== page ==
The arrest of two journalists is a symptom of a bankrupt system for dealing with the Troubles legacy, with no solution in sight

The arrest and interrogation of two journalists  suspected of stealing documents  in connection  with  the making the film documentary No Stone Unturned on the Loughinisland murders, is a perfect example of how the current handing of the Troubles legacy is deeply unsatisfactory.

In the present vacuum, the PSNI, which still retains  front-line legacy responsibilities,  seems to feel bound  to  be seen doing something, even in cases where they look self interested, counterproductive and downright foolish.  On the face of it the allegation of theft of documents is  bizarre, as the film obviously benefited from the full participation of the Police Ombudsman Michael Maguire  and his senior staff. The move smacks of a fishing expedition to appease a section of public opinion,  like the arrest of Gerry Adams. It also suggests the journalists are proxy for their real target, the PO himself for  exceeding his powers  and allowing the documentary  to film and name former and serving police officers suspected of collusion and worse.  If so, this police pressure is doubly odd as the legal bid to quash the  PO’s report into collusion over Loughinisland is still pending.

The disquiet undoubtedly felt by many unionists and in the police family  over the handling of the Loughinisland case is part of the background to  the mounting  campaign against the draft Legacy Bill, currently hosted in the Newsletter. The legacy responsibilities  of the PO would be taken over by the HIU.

A contributor to” Legacy”  the book edited by Jeff Dudgeon fiercely  attacking  the draft Legacy Bill,  has spelt out his reasons why the Bill is  structurally biased  and should be scrapped.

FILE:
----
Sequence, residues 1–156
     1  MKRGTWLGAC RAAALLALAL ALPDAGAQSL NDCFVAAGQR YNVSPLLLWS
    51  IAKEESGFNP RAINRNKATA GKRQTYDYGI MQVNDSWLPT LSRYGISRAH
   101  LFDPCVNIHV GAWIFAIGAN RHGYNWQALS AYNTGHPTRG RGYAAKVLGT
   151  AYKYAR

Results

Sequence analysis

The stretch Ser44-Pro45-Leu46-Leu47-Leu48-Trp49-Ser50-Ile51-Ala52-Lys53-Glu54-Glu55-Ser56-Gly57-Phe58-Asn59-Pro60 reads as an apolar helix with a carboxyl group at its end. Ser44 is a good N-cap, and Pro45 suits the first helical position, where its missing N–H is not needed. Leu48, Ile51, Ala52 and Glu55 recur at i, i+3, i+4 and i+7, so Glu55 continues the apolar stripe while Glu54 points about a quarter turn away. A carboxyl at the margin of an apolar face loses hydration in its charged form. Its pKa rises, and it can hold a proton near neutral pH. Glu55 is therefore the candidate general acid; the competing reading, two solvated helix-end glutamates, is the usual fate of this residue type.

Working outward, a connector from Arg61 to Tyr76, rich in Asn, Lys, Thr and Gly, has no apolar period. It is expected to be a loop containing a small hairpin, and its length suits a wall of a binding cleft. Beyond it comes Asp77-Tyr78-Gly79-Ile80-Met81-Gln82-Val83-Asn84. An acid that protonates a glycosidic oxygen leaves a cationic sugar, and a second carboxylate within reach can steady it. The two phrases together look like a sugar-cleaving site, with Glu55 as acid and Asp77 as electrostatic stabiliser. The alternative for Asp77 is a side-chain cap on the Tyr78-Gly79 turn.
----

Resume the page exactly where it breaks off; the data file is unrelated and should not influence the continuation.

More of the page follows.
As the latest in the Newsletter’s series labelled The Legacy Scandal the solicitor Neil Faris argues as follows.     

A draft Bill to implement the legacy proposals has been published.

It is strangely silent about the contents of the family reports, but it leaves readers to believe that the reports will be ‘comprehensive’: that all available ‘truth and justice’ will be revealed.

But I believe that victims are being cruelly deceived.

The HIU cannot be in a position to deliver verdicts of guilt against terrorists and others who may have committed crime in all the years of the sectarian conflict.

This is because there is an essential principle in our justice system: innocence until proven guilty beyond reasonable doubt in an independent court.

The problem is that in few enough of the re-investigated cases prosecutions can be brought successfully to establish such guilt in court ‘beyond reasonable doubt’.

However, the HIU will also have a power in the family reports to make ‘misconduct’ findings in of misconduct against the police in respect of their original investigations, however long ago.

Any such ‘findings’ will, because they relate to alleged ‘misconduct’, rather than to crime, will not of course amount to a verdict of criminal guilt.

So there will be no impediment to the police concerned (usually retired RUC officers) being so named (and inevitably shamed) in the family reports.

I repeat that we must respect and preserve, in all aspects of the legacy project, the essential principle of innocence until proven guilty beyond reasonable doubt in an independent court.

Information given to families of police or army misconduct may be  prejudicial  to security forces’s Right to Life contrary to the Human  Rights Act.

Objections like Faris’s  may be overstated  in order to provoke answers  to the fears of inbuilt bias  in the  criteria set for the HIU. In the Bill the HIU is  of course required to be fully human rights compliant.

But Faris’s argument has force, in that the HIU investigations should not focus on security forces’ “misconduct” over deaths only, but  probe further into wider activity by terrorists like conspiracy to murder. There is actually  a wide measure of agreement on this point.

On the other side of the argument the Model Bill Team of transitional justice  experts demand  greater independence for the HIU and less discretion for the PSNI   to withhold potential evidence of alleged collusion and matters relating to national security.

The consultation period on the draft bill is nearing its end and a long overdue debate on the legacy should follow immediately – not before time. Like so much else, allowing legacy  procedures  to fester for so long  is only making their  eventual  resolution so much more difficult.


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